A: Now here's a question I'm sure a few of you have dealt with. In fact, 55% of workers claim that given the chance, they would fire their bosses. The crazy thing is that 84% of bosses think they are doing a great job. It looks like there may be a bit of a disconnect.
Your relationship with your boss is incredibly important. You probably spend more time with your boss than you do with your boyfriend, wife, parents or children. I know. It's sad. Having a good working relationship is critical to both your happiness and your success.
|Brad Karsh is president of JobBound, a career consulting company, and author of 'Confessions of a Recruiting Director.'|
It's tempting to think you may work for the devil himself, but the fact of the matter is that most workplace issues arise from differences in communication or work styles. (Very few bosses are pure evil!)
The problem is, we often think about being managed and how we'd like to work purely from our perspective. We don't consider how our boss works or would like to have us operate.
For instance, let's say you feel as though your boss is a micro-manager. She wants to see all of your work before you send it out, she e-mails you every three minutes, and she appears to be looking over your shoulder on everything you do.
Your reaction probably is, "Why does she do that? I'd never act that way as a manager." Well, guess what? It's not about you -- it's about her.
If you want to effectively "manage" your bosses, you need to think about it from their perspective. Just because you wouldn't do it one way, doesn't mean other people wouldn't do it that way.
If your boss is a micro-manager, it typically means two things: One, she likes to be in control and know what's going on. And two, she might not trust you.
Trust is a hard thing to do
Before you get bent out shape on the trust thing, recognize that it is tough to do as a manager. I deliver workshops for managers, and one of the toughest things managers deal with -- especially new ones -- is to trust their employees. Ultimately as a manager you have to release control and trust your team to perform. But if the team doesn't succeed, then the manager is on the line. It's hard to do.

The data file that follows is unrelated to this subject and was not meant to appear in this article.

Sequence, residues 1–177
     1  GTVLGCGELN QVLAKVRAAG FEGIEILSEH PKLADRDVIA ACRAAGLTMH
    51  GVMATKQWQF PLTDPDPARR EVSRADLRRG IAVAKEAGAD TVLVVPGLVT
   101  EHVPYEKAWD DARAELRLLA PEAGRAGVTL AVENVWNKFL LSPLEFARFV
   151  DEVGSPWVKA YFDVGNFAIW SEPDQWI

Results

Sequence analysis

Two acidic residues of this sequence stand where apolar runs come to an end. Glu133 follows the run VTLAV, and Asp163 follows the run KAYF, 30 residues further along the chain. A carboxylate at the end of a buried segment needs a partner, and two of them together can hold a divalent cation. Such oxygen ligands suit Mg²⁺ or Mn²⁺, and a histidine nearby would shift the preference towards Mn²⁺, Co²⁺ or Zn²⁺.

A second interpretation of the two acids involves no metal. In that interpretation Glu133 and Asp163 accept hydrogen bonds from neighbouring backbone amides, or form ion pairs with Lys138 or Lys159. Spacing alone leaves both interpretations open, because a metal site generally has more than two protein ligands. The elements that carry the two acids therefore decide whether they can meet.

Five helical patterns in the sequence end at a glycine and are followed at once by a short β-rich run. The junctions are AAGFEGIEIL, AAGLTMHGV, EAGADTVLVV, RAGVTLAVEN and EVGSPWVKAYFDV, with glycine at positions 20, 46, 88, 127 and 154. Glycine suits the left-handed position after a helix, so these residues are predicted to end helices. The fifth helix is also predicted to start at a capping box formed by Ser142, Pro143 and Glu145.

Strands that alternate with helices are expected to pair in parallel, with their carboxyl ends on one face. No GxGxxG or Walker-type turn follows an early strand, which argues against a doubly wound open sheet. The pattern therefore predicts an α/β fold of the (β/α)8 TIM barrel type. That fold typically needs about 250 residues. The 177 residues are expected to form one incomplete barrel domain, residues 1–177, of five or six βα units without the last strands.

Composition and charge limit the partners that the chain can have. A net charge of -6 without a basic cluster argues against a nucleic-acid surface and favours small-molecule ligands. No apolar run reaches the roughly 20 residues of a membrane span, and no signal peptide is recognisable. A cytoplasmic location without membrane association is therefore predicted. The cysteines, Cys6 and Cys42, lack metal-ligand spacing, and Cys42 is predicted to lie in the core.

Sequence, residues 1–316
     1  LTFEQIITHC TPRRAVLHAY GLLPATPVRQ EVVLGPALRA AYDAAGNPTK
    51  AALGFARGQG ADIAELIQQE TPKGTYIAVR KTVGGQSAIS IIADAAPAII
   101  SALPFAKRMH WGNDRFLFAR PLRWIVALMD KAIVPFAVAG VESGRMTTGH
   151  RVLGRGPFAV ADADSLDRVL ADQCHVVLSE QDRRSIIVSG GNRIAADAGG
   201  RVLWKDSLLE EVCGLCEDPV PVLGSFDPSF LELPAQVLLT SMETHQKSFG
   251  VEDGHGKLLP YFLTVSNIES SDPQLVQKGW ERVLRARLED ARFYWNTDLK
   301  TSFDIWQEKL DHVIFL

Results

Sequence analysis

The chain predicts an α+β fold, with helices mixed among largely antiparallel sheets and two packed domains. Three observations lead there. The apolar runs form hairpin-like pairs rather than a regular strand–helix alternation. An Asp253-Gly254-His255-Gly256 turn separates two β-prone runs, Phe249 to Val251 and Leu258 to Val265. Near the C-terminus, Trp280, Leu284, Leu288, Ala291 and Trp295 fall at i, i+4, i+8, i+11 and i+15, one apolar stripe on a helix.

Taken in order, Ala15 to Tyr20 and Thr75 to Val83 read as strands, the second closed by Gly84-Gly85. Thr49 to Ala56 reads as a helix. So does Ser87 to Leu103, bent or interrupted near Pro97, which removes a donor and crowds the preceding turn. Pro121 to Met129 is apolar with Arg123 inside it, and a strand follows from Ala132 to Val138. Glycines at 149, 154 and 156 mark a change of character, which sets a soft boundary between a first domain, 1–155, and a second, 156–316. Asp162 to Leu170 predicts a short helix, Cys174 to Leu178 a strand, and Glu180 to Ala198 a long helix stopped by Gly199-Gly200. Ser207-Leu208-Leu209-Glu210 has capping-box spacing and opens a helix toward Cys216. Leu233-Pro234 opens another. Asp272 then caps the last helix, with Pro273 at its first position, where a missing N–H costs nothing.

So in the situation of the micro-manager boss, you need to think about it from her perspective. You need to consider what a micro-manager would like. Copy her on way more e-mails that you would normally. At the beginning of each day, go over your to-do list and priorities, and give her frequent updates on your work progress.
The goal is that she begins to see that indeed you are on top of your game and you can handle assignments and be trusted. Soon you'll see she backs off and lets you do more of your own thing.
Ultimately the goal is to adjust your style to that of your manager. By learning what works for them, you can create a working relationship that is much more productive.
Many employees in my workshops will say things like, "That sounds great Brad, but how in the world would I know how my boss likes to work?" Here's a crazy thought: Ask him or her.
Feedback works both ways
A good working relationship is based on constant feedback, both good and bad. If your boss isn't giving you feedback or telling you how they prefer to work, it's up to you to find out. If you are unsure about whether to copy your boss on all e-mails, simply ask, "Hey boss, do you want me to copy you on all the e-mails I send to the Hellmann's team or just the ones to Darren Kapelus?"
This should be a normal part of your everyday routine. Don't let problems fester and grow. If you have an issue with your boss, talk about it with him immediately. The longer you wait, the worse it gets. More important, don't be tempted to go around your boss and complain to his manager. The first place to go is to your boss. If it's still not resolved, then take it up another level to his manager or to HR.
The more you communicate with your boss and the more you talk about work styles, the better off you will be. You may even find that you have some sympathy for the "devil."